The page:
I just want to get the beer to smell and taste better to be drinkable so I don't wast the time and effort so far, I don't care about getting drunk this go round ;)
 
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kosh

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I rehydrated and pitched the SA-05 yeast in there at about 3AM this morning. It is bubbling at about the same rate it was after 2 weeks (approx. one bubble every 2 minutes). I hope this will get rid of some more of the sugars and clean it up a little in a couple of weeks.

I kind of expected more bubbling action but maybe since there is less sugars in there it is slower?
 
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kosh

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I checked the gravity today and it was right around 1.012 and it looked, smelled, and tasted more like beer instead of the syrupy bitter taste before. I primed and bottled today 25 - 12oz. bottles and the rest in 5 1/2 - 64oz. brown bottles. Hopefully I will get some decent drinkable beer in several weeks or more.

Incidentally I checked the gravity a couple of weeks ago and it was higher like around 1.020 but it was bubbling pretty good at that point.
 
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kosh

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The beer in the bottles came out drinkable, kind of tastes a little like some "green" beer but my cousin likes it so I might give it all to him....I can barely drink one beer and I have had enough. It seems carbonated enough and has a nice creamy head with really fine bubbles but the head doesn't stay for long.

I opened one of the 64oz bottles over the weekend and it is flat, seems like it didn't carbonate. I hope they aren't all that way.
 

flars

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The beer in the bottles came out drinkable, kind of tastes a little like some "green" beer but my cousin likes it so I might give it all to him....I can barely drink one beer and I have had enough. It seems carbonated enough and has a nice creamy head with really fine bubbles but the head doesn't stay for long.

I opened one of the 64oz bottles over the weekend and it is flat, seems like it didn't carbonate. I hope they aren't all that way.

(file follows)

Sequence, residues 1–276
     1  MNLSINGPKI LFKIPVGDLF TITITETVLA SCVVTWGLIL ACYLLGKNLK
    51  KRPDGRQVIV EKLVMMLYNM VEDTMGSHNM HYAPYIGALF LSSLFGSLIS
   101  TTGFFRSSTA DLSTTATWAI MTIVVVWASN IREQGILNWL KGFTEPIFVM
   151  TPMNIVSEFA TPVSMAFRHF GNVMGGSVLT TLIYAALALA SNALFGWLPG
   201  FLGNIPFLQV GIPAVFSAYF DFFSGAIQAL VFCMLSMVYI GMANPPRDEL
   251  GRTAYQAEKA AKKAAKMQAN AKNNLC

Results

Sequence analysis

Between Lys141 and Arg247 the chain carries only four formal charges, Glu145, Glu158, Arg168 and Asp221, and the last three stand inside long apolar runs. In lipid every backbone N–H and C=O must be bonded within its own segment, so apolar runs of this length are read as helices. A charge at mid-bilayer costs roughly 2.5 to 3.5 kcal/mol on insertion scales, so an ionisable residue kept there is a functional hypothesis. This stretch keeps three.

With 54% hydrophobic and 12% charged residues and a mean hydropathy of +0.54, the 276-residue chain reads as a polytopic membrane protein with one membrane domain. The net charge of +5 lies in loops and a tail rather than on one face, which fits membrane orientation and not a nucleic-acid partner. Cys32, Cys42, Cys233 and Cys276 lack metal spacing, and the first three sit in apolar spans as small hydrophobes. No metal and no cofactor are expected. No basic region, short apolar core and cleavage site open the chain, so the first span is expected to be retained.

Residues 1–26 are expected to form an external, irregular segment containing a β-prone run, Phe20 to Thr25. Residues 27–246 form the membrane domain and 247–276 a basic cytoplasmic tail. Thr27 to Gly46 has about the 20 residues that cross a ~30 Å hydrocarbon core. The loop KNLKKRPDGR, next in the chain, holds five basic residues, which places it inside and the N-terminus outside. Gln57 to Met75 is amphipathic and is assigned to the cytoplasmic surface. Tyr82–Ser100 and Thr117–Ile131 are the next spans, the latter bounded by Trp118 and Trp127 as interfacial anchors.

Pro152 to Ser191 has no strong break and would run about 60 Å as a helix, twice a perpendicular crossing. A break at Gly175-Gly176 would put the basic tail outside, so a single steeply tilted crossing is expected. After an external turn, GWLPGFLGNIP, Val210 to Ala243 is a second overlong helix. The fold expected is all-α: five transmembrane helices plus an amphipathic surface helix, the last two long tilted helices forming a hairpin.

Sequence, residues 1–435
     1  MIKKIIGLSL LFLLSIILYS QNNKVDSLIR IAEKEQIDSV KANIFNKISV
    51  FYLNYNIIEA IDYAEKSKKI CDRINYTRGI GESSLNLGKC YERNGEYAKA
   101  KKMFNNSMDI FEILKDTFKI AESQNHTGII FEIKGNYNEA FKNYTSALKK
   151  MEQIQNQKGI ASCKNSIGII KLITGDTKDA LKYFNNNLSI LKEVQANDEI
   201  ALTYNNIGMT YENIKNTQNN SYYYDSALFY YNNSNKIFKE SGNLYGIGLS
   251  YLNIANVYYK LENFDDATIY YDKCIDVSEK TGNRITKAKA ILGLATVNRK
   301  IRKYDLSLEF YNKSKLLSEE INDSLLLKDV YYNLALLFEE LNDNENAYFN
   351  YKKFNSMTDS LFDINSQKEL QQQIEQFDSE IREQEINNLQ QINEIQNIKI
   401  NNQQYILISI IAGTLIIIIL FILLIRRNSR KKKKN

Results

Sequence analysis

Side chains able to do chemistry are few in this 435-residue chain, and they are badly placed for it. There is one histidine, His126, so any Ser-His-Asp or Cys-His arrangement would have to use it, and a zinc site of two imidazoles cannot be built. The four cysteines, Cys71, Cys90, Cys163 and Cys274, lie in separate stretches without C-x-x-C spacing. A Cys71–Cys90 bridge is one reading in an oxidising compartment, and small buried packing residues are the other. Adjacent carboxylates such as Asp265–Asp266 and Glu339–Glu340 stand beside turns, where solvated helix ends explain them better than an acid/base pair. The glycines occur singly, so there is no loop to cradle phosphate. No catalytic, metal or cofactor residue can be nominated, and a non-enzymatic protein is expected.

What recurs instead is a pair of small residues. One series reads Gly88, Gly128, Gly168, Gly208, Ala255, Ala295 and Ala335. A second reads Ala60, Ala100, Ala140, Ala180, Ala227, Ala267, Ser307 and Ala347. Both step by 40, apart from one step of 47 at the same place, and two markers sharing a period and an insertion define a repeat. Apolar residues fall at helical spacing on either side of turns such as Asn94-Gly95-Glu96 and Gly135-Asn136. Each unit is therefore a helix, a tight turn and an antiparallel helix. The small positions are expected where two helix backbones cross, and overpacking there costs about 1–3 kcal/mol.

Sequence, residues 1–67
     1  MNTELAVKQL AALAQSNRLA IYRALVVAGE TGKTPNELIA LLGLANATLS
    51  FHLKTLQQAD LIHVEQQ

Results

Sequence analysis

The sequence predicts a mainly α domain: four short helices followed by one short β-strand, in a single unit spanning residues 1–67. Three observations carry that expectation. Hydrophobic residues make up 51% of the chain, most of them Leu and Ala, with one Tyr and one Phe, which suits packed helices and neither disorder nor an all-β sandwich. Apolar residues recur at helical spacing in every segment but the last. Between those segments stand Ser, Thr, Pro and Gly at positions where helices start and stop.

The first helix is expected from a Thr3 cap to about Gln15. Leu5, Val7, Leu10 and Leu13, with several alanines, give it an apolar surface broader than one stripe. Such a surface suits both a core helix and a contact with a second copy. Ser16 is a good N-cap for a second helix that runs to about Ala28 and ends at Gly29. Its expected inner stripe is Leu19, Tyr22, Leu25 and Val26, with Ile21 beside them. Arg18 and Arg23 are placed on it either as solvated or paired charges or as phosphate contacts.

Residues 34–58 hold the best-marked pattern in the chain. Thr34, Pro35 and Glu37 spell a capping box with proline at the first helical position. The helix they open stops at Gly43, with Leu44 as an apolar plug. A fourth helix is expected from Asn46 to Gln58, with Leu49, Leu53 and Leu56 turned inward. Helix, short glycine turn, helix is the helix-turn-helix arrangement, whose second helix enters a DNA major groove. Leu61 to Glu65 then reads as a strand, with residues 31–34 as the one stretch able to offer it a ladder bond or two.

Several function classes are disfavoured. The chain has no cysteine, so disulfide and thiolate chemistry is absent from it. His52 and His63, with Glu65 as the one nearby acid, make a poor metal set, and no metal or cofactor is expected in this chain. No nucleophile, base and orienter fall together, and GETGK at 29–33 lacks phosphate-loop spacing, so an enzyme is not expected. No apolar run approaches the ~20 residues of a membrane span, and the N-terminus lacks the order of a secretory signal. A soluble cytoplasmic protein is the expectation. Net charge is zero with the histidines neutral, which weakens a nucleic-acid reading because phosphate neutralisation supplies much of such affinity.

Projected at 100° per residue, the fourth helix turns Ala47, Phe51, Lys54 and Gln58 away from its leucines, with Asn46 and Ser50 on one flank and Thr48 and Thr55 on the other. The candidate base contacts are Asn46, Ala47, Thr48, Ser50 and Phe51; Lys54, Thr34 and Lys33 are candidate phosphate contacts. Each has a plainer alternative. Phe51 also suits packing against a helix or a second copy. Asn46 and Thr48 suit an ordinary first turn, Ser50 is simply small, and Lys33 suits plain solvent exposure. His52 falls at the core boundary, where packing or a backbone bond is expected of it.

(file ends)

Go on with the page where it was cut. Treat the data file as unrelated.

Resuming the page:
The head not staying long is often due to soap residue in the glass. Make up a salt paste to scrub the glass with. Pickling salt or kosher salt is best. They are not iodized.
Put some bottles away to condition longer. Some bad beers can taste pretty good after a few months of aging. Try one a week just to check. Chill each one a couple of days before opening.
I hope they turn out for you. Experience can be great teacher. It is also sometimes a bummer.
 
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kosh

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I ended up drinking all of the (12 oz.) bottled stuff and left the non-carbonated (64 oz.) half gallon bottles in a container in the closet till about a week ago, so it aged over a year since bottling. It was carbonated and didn't taste too bad, although it still had a little bit of that "green" taste. My wife even thought it didn't taste bad for a home brew. Now, I just have to drink it all and then try to brew some more, hopefully the correct way this time (I boiled a no-boil mix).
 

aprichman

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I ended up drinking all of the (12 oz.) bottled stuff and left the non-carbonated (64 oz.) half gallon bottles in a container in the closet till about a week ago, so it aged over a year since bottling. It was carbonated and didn't taste too bad, although it still had a little bit of that "green" taste. My wife even thought it didn't taste bad for a home brew. Now, I just have to drink it all and then try to brew some more, hopefully the correct way this time (I boiled a no-boil mix).
Have you considered brewing with normal malt extract and hops? Those kits aren't great quality which means your beer is almost guaranteed to be subpar. Best of luck :mug:
 
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kosh

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Yeah I have considered that but I bought a few of the canned malt extracts so I want to use them up first. The local store I used to buy my supplies and kits from closed down so, I will have to find a new source. I might have to just do mail order...